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Divorce do's and dont's

Breaking up is hard to do, but our tips will help you make divorce easier on your kids

By Lauren Ferranti-Ballem
Divorce do's and dont's

Divorce can be really hard on children. We spoke to Kitchener, Ont.-based family therapist Tracie Klaehn for the essential do’s and don’ts parents should practice when they divorce.


• Let them know it’s not their fault It’s important to remind kids that the break-up has nothing to do with them and that their relationship will continue with both parents, Klaehn says.

• Make as few changes as possible “Divorce is a big enough change, and too much at once can feel overwhelming,” Klaehn says. If possible, try to keep kids in the home and school they know to give them some sense of stability during an unsure time.

• Build a support system Be sure to let the school, their teachers and family friends know what’s going on at home. “These other people can be sensitive to changes in their behaviour, provide them with support and give you feedback on how they’re coping,” Klaehn says. And don’t forget to ask for support for yourself. “You’ve lost a partner, it’s a lot of change and the kids are falling apart – you need help too.”

• Keep the lines of communication open Do your best to answer your child’s questions and ask them how they’re feeling often. “They may not want to talk, so respect that and let them know you’re there if and when they need you,” Klaehn says.

• Prepare them if there are more changes “They’ve just been dealt something very big and they need time to adjust,” Klaehn says. “Kids feel safest when they know what’s coming next.”


• Don’t discuss the other parent or your problems Feelings are very raw and it may be hard to keep it all in at times, but it’s not something to talk to your child about. “Follow the rule ‘If you can’t say anything good, don’t say anything at all,’” Klaehn says. “They love you both and negative talk can be devastating.”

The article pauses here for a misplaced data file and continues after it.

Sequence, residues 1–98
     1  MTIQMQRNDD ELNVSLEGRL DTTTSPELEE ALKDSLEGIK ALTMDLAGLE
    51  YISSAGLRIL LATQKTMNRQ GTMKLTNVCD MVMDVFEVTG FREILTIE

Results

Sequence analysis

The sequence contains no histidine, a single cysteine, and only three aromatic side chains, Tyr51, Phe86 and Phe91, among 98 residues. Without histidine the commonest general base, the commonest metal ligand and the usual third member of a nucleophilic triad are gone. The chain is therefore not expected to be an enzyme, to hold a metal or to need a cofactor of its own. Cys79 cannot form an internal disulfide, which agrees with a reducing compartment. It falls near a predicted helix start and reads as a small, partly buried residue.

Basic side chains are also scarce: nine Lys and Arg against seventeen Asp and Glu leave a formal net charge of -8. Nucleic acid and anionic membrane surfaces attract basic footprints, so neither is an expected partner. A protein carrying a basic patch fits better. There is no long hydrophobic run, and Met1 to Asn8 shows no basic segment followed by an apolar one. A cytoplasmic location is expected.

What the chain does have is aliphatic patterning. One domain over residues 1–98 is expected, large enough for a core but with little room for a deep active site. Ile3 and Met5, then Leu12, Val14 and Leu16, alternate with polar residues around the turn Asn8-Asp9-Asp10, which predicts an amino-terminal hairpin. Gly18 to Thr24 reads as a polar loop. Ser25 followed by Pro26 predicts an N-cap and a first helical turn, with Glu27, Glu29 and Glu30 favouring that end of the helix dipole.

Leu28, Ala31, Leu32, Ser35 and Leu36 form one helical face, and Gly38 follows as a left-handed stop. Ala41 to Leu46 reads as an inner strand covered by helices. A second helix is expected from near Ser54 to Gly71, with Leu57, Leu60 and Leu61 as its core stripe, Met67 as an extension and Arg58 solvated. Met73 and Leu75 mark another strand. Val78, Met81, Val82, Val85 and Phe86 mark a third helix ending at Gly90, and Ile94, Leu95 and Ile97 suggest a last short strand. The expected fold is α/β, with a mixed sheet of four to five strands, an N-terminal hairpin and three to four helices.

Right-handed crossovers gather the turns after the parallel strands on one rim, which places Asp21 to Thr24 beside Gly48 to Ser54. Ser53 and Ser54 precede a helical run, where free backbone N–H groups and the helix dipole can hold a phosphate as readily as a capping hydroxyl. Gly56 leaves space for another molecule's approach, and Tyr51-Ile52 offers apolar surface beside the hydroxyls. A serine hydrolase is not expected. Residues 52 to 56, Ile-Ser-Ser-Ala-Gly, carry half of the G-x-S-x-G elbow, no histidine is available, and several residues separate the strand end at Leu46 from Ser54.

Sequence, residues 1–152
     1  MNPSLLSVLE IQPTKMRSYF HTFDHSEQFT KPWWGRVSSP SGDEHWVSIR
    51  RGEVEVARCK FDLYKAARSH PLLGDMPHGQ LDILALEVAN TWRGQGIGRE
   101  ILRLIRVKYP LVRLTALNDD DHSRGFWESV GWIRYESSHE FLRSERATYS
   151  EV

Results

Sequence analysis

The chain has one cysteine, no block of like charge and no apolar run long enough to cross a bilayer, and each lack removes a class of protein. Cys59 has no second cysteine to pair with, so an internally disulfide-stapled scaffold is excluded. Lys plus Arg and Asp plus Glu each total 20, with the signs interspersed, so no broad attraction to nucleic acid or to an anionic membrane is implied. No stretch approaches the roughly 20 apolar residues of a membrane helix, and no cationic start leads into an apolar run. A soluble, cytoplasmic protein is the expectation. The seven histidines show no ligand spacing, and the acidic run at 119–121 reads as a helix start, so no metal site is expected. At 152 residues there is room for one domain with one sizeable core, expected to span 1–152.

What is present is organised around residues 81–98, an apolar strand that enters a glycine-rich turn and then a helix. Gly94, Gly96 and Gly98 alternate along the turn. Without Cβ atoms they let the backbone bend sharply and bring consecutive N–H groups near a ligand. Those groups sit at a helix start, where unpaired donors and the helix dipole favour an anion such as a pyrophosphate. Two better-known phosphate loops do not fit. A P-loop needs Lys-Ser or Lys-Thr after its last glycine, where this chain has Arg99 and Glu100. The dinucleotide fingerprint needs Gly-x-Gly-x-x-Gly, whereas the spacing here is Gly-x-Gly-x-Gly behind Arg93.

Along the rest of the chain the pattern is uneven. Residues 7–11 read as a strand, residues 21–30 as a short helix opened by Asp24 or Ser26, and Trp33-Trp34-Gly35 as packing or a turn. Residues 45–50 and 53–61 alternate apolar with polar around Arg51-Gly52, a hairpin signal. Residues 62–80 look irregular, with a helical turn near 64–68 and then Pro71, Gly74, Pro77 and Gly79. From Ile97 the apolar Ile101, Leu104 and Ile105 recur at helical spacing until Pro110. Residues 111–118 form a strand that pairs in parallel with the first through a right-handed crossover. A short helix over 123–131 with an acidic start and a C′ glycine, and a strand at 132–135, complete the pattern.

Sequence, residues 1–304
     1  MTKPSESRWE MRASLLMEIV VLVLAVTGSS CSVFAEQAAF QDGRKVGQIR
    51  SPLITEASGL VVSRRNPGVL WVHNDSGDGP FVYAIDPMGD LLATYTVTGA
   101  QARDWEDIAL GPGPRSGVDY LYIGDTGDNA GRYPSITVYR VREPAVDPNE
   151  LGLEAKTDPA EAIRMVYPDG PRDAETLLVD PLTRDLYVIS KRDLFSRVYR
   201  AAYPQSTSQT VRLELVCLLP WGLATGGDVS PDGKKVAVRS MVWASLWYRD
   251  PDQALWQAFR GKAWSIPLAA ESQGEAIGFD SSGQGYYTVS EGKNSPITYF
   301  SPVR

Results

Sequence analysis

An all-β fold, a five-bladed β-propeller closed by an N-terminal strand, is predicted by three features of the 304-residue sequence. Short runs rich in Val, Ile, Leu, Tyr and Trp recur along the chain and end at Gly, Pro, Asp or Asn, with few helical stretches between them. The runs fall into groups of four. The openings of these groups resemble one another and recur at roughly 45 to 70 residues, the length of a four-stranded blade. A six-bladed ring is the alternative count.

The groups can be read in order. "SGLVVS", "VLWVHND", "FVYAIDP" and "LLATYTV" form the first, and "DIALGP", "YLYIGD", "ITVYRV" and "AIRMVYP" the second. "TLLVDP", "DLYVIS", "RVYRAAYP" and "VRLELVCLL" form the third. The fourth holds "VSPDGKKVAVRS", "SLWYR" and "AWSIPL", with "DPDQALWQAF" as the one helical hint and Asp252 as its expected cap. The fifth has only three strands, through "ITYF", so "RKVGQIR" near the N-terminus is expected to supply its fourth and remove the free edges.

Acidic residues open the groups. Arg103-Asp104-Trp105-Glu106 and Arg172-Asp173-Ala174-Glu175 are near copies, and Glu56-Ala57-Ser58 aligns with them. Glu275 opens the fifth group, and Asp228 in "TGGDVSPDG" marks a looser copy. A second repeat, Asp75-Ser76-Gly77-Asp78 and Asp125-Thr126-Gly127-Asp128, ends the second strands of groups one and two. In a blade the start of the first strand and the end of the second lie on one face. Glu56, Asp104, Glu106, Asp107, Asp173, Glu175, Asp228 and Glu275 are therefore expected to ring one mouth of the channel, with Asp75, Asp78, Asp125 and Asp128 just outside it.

• Don’t put them in the middle When you give your child messages to pass to your spouse, or pump them for information, it can cause tremendous distress. “You’re hurting your child by doing this, not your spouse,” Klaehn says. “Children are not emotionally equipped to handle the stress of having to choose sides.”

• Don’t introduce them to the new boyfriend or girlfriend Kids need time to adjust to the loss, Klaehn says. “I see this a lot, where the parent is out of one relationship and into another, and it’s too much for the kids to cope with. It can be very uncomfortable for them to see mum or dad with someone else.”

• Don’t pretend everything is fine “Allow yourself to feel your emotions – this gives kids permission to be real about their own feelings,” Klaehn says. “It won’t damage them to see you have a moment. It teaches them that emotions are ok.”

• Don’t shut down In the stress of the situation You will feel overwhelmed, but you have to let your child go through the process, even if it means dealing with obnoxious, angry behaviour. “Underneath it all is grief,” Klaehn says. “You have to support your child through it.”

This article was originally published on Nov 02, 2010

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